Exclusive: GoldSpot Media has just unveiled its new "bandwidth-based ads", a licensable technology that lets advertisers deliver a single mobile ad unit that appears as a simple rotating banner to viewers on 3G or mobile data, but as an auto-playing partial screen overlay video to viewers on wi-fi. Debuted on a new Zyrtec pharmaceutical campaign, you can compare the formats for yourself by turning wi-fi on or off.
GoldSpot's tech could drastically increase the number of video impression an advertiser gets per dollar. This translates into improved campaign effectiveness and ROI, while preventing a viewer's limited mobile data plan from being devoured by ads. Bandwidth-based ads will accelerate the metamorphosis of commercials into content by allowing interactive rich-media or even games to be served as mobile ads.
Here's how mobile video ads often work today.
Regardless of their bandwidth, viewers see a banner that they have to tap before they see the promo video. Few people tap, and the video is rarely seen. GoldSpot's CEO Srini Dharmaji tells me that if the ad had a $5 CPM, and a budget of $100,000, an advertiser would get 20 million impressions. If the ad had a high click through rate of 0.1%, just 20,000 people would see the video at a cost of $5 per view to the advertisers. Basically advertisers are throwing their money away. Alternatively, advertisers serve an auto-play video to everyone, and those on slow connections get their data plan drained and usually navigate away before the video even finishes loading
Let's run those numbers again with GoldSpot's bandwidth video ad tech. Dharmaji says 60-65% of users consume content on wi-fi, and about 30-35% do so on 3G or mobile data. If the combined cost of GoldSpot's platform and the ad inventory have a $20 CPM, on a $100,000 budget the advertiser would get 5 million impressions.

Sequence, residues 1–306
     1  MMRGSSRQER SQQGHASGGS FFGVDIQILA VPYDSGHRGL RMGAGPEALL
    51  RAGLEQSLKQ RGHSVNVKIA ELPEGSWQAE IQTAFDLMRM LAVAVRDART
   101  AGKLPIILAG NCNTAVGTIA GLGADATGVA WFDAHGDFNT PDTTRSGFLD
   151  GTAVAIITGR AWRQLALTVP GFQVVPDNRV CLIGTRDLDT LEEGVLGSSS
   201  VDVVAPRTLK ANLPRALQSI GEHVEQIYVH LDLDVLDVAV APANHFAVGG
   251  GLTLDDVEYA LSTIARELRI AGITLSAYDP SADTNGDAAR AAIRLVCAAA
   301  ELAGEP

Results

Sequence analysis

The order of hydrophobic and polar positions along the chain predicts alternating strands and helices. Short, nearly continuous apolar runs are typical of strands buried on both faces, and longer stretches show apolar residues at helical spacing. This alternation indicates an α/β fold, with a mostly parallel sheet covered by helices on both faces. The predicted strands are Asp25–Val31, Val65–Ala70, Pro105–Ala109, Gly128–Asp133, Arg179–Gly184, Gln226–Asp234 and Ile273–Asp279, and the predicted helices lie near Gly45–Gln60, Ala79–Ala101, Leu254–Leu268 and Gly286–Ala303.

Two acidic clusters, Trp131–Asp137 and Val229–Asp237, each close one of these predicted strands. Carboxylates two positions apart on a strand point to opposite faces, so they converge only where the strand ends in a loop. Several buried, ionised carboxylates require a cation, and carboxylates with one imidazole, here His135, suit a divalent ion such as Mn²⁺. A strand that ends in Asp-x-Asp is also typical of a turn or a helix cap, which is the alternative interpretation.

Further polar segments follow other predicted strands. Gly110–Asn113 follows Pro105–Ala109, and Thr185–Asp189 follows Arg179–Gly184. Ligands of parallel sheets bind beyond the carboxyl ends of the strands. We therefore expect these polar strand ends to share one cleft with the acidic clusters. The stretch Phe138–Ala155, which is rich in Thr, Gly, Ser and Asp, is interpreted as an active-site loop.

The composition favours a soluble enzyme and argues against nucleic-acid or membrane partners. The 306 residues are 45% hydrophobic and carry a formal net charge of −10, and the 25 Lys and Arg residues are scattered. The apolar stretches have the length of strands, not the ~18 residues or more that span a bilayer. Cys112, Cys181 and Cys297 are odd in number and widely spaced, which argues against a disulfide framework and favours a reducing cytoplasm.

Even if only 50% of viewers are detected to be on wi-fi and see the auto-play video in a partial screen overlay, the advertiser gets 2.5 million video impressions. That's 4 cents per view instead of $5. Now do you see why this is a big deal?
Even if all those impressions aren't full-length, full-screen views, the 2.5 million GoldSpot-powered ad views are going to have a much bigger impact than 20,000 dedicated views. Yes, some viewers could be annoyed by seeing more auto-play video ads, but at least they won't have to pay for them. GoldSpot is now licensing the bandwidth-based technology to advertisers, agencies, and publishers. It works across ad networks, and provides consolidated performance reporting. It charges a CPM, and clients can use its drag-and-drop creation platform to format their ads.
Started in 2007, the Sunnyvale, CA GoldSpot Media has raised roughly $17 million between its seed, A, and B rounds, and now has more than 75 employees. It has over 50 individual and agency clients including the New York Times, Bloomberg, Chevy, and General Mills. It also provides opt-in device and geo-location ad optimization where viewers can select to provide data to see more relevant ads. Dharmaji calls GoldSpot a "hardcore technology company" with over 20 patents, but says those are for self-defense.
GoldSpot's technology is a triple-win since in addition to making it money and getting advertisers a better ROI, it doesn't suck up a user's limited mobile data plan downloading videos if they're not on wi-fi and don't want to see them. Plus, since users on wi-fi are more likely to be relaxed rather than on the move, there's a better chance that impressions lead to purchases or viewers internalizing an ad's message.
As we shift to the post-PC era, delivering rich-media ads to tablets where they look great will become even more important. Dharmaji concludes "We give advertisers the power to build much more engaging ads. They have to think about how to increase ROI without pissing off the mobile consumer."